It was a very unusual campaign for the communists, as it was the first time they had conducted a vote in a region they did not have full control over.
Attempts to quickly eliminate the Ukrainian underground completely failed – the UPA and OUN were still active here, the Soviet government in some regions remained quite illusory. Therefore, the 1946 election campaign was not just a propaganda campaign, but a military propaganda campaign. In addition to hundreds of propagandists, thousands of the NKVD and internal troops were sent out to campaign.
On 15 January 1946, the Great Blockade began, during which a military garrison was stationed in almost every village in the Rivne, Volhynia, Lviv, Drohobych, Stanyslaviv (now Ivano-Frankivsk) and Chernivtsi oblast. This campaign was also fundamental for the Ukrainian underground. The failure of the election was to demonstrate the rejection of the communists and the occupation of their government.
The leadership of the Ukrainian underground announced the boycott of the election campaign.
The underground held rallies, meetings and distributed leaflets. UPA units provided their protection, and on election day, they were to organize combat operations to disrupt the work of the commissions, destroy ballots and communications. Separately, the underground carefully followed the campaign, recording acts of terror by the authorities.
In the winter of 1945-46, a fierce confrontation began between two propaganda structures: the Soviet and the insurgent.
The first had huge state resources: it brought party members from other areas to help local communists, forcibly involved village heads and teachers in this work.
On the Ukrainian side came support from the people and the zeal of the activists themselves, who worked for their freedom.
At the same time, rallies were held in villages, campaigning to “come to the polls to vote for the communist and non-partisan blocs” and others calling for the “boycott of Stalin’s pseudo-democracy” and distributing official communist and underground leaflets. Soviet posters were posted in the day only to be covered with insurgent appeals at night.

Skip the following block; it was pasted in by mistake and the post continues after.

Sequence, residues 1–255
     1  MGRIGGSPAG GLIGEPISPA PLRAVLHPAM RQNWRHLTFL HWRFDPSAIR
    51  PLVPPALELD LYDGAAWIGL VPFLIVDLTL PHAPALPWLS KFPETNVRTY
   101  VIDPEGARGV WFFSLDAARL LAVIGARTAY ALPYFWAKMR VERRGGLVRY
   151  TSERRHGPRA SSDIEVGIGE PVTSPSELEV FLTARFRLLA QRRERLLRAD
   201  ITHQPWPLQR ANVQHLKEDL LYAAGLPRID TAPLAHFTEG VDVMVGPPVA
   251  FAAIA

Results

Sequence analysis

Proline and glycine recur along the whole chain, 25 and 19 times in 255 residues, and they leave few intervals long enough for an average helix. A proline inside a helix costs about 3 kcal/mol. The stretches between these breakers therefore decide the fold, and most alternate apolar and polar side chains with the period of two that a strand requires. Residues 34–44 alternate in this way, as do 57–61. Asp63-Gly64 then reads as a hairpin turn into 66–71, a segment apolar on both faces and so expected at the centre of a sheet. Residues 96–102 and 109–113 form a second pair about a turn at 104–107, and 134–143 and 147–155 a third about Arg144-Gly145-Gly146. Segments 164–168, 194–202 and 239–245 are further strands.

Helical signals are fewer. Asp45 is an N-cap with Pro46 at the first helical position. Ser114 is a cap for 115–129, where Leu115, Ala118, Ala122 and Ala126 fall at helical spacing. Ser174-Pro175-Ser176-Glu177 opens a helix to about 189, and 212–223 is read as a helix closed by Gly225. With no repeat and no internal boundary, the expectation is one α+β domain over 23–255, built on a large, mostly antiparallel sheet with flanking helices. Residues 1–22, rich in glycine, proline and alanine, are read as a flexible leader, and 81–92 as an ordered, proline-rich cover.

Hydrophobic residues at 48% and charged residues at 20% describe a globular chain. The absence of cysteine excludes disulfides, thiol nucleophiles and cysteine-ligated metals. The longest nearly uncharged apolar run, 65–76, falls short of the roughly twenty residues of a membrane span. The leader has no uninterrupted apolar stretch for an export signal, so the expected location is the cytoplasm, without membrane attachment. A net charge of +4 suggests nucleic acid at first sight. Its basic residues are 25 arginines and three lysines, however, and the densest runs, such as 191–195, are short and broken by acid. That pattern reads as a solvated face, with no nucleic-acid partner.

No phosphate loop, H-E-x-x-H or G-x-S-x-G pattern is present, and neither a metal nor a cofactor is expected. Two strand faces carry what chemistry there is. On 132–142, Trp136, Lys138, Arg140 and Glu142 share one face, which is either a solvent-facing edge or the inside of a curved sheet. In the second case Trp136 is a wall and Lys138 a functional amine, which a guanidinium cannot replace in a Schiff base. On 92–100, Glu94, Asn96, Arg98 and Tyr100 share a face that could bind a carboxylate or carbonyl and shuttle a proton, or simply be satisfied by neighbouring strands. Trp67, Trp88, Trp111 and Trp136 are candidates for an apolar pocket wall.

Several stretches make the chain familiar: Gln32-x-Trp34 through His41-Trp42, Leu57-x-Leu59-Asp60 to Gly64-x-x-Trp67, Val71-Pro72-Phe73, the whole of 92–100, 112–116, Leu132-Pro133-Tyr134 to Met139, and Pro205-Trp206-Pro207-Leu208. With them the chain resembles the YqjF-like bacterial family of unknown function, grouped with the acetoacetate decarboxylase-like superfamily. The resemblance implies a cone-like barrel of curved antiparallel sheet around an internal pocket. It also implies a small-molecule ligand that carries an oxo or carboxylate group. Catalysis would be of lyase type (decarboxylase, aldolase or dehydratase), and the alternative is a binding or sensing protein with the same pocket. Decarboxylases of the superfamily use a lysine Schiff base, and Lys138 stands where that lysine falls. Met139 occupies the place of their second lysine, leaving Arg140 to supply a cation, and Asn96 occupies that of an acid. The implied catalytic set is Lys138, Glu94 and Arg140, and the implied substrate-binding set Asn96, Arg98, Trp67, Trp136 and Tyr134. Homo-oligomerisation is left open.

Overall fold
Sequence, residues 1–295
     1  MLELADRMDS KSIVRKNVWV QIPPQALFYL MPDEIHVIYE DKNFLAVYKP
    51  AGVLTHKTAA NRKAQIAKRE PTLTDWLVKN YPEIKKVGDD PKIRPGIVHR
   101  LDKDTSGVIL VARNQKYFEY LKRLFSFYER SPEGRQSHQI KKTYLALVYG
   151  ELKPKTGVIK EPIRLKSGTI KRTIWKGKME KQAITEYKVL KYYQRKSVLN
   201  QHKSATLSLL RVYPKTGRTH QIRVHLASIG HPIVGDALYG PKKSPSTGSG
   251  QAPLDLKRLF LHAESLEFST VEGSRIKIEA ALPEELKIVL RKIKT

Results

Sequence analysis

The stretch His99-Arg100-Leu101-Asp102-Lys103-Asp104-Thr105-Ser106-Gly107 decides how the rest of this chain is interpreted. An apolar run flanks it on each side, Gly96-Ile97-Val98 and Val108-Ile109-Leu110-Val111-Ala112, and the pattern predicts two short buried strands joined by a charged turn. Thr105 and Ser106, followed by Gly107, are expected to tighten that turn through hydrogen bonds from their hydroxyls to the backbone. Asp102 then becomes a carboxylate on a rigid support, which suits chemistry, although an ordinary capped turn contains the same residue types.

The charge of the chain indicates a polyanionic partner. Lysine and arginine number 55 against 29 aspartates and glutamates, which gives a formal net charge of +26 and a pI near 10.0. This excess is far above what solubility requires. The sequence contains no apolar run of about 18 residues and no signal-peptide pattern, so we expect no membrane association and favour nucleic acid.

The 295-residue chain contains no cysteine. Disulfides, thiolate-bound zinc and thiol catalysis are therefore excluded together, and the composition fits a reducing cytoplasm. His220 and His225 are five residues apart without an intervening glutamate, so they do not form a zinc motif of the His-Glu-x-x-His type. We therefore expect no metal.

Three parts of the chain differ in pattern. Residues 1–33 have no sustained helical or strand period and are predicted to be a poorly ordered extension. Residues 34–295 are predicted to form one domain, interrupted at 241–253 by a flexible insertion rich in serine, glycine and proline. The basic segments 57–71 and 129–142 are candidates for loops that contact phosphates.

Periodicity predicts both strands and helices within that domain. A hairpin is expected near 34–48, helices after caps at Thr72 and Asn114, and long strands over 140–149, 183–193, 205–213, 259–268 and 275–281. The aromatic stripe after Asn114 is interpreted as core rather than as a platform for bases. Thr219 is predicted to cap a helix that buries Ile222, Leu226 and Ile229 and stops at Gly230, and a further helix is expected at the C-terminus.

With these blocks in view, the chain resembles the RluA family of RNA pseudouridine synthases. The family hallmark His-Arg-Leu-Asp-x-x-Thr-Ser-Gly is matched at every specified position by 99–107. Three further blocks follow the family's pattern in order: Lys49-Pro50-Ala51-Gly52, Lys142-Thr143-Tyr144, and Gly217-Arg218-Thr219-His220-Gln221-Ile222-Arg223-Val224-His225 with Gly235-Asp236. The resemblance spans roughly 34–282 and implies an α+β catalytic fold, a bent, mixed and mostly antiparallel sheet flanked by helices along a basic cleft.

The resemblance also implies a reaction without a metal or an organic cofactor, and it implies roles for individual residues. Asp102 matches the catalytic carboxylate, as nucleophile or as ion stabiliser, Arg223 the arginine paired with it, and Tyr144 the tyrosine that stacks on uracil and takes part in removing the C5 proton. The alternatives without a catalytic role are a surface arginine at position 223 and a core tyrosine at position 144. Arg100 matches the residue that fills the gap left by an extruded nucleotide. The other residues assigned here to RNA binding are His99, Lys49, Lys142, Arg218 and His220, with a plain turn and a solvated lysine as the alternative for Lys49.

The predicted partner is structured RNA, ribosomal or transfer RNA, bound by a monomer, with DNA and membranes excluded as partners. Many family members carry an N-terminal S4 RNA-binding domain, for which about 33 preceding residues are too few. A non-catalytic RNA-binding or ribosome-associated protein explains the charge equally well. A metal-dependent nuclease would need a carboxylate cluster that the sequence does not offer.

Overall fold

Finally 10 February 1946 came.
It was fundamentally important for the communists that the election began at a specific time and in presence of the first voters. As there were no people willing to vote, the NKVD provided “volunteers”, arrested the best-known, and since the special services had information about attempts of commission members to escape, they were arrested the day before.
An insurgent report reads: “When the sixth hour struck, the chairman of the election commission solemnly proclaimed to those present members of the election commission, garrison soldiers and…arrested citizens, before the arrested commission, that the happiest moment of their lives was here, the elections to the USSR Supreme Soviet has begun.”
In the morning, the military broke into homes, expelling residents in order for them to vote. As it was a Sunday, the NKVD stormed churches, interrupted services and drove people to the polling stations, using firearms and grenades.
Meanwhile, UPA units attacked military garrisons to disrupt the election and stop the bullying of Ukrainians.
Thus, despite the use of force, the communists failed to hold elections everywhere – in some settlements only a few people voted while others fled from the occupiers.
However, this did not prevent the lie of a 99% turnout and another “absolute victory of the communist bloc and non-partisans.” After all, as Stalin said, it is not the one who votes that wins, but the one who counts.
Today, a similar terror is unfolding in the occupied territories, which provokes no less of a fierce resistance.
Ukrainian soldiers also oppose attempts to organize a fake people’s will. Now it is not the insurgent army, but rather the Armed Forces of Ukraine, as they are able to not only disrupt this process but also push back against the occupier and return all of Ukraine to true freedom of choice.